Some Russian troops are refusing to return to fight in Ukraine because of their experiences on the front line at the start of the invasion, according to Russian human rights lawyers and activists. The BBC has been speaking to one such soldier.
“I don’t want to go [back to Ukraine] to kill and be killed,” says Sergey – not his real name – who spent five weeks fighting in Ukraine earlier this year.
He is now home in Russia, having taken legal advice to avoid being sent back to the front line. Sergey is just one of hundreds of Russian soldiers understood to have been seeking such advice.
Sergey says he is traumatised by his experience in Ukraine.
“I had thought that we were the Russian army, the most super-duper in the world,” says the young man bitterly. Instead they were expected to operate without even basic equipment, such as night vision devices, he says.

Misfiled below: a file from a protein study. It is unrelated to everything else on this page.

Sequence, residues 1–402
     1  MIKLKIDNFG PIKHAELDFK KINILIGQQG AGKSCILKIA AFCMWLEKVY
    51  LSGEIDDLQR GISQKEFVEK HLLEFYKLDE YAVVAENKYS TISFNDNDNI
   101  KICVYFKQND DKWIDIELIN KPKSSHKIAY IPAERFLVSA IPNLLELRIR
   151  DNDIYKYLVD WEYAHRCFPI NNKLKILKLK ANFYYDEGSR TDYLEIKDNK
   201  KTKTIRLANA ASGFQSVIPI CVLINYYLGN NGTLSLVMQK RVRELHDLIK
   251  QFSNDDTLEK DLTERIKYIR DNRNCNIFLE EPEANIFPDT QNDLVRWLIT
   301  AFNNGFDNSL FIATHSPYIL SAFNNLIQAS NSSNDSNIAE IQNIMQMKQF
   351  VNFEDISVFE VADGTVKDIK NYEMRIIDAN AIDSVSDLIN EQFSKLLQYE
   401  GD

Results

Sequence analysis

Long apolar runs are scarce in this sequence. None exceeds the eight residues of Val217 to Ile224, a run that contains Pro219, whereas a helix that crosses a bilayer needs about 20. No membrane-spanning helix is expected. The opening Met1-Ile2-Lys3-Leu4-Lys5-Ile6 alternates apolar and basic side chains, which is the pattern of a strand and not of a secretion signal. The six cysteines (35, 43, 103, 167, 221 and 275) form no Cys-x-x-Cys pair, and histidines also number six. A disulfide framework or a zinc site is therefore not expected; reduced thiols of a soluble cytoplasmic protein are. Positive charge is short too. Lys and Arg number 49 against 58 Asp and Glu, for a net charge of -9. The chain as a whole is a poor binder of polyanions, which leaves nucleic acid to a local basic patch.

“We were like blind kittens. I’m shocked by our army. It wouldn’t cost much to equip us. Why wasn’t it done?”
Sergey joined the army as a conscript – most Russian men between the ages of 18-27 must complete one year of compulsory military service. But, after a few months, he made the decision to sign a two-year professional contract which would also give him a salary.
In January, Sergey was sent near the border with Ukraine for what he was told would be military drills. A month later – 24 February, the day Russia launched its invasion – he was told to cross the border. Almost immediately his unit found itself under attack.
As they stopped for the evening in an abandoned farm, their commander said: “Well, as you will have worked out by now, this is not a joke.”
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